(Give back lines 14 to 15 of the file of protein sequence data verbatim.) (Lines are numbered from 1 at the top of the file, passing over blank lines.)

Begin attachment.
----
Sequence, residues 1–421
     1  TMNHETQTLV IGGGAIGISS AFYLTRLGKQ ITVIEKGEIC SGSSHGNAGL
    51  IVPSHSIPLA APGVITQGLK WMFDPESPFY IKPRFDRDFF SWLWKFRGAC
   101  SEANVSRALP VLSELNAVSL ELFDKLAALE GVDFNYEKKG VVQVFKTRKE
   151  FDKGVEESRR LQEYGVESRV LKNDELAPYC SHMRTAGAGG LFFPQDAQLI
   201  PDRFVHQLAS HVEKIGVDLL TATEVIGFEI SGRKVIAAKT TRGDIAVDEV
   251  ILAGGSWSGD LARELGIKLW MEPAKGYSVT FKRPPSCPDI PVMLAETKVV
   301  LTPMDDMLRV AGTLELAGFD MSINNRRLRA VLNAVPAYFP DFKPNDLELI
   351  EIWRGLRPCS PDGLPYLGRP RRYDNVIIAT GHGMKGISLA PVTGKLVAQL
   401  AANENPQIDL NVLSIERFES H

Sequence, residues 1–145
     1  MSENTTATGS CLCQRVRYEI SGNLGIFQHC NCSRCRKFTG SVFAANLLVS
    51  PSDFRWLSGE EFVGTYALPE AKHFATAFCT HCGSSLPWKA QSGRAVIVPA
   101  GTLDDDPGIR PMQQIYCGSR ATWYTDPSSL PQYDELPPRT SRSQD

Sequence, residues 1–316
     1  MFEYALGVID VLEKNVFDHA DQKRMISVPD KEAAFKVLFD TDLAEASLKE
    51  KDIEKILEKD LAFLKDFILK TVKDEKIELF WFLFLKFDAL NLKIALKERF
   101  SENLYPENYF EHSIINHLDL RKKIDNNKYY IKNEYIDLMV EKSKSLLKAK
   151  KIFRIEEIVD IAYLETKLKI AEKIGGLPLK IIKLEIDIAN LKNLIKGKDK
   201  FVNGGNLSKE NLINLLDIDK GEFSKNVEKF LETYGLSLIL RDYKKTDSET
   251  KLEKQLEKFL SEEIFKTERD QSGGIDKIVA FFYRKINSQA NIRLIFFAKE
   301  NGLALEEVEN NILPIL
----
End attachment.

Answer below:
   101  GTLDDDPGIR PMQQIYCGSR ATWYTDPSSL PQYDELPPRT SRSQD

Sequence, residues 1–316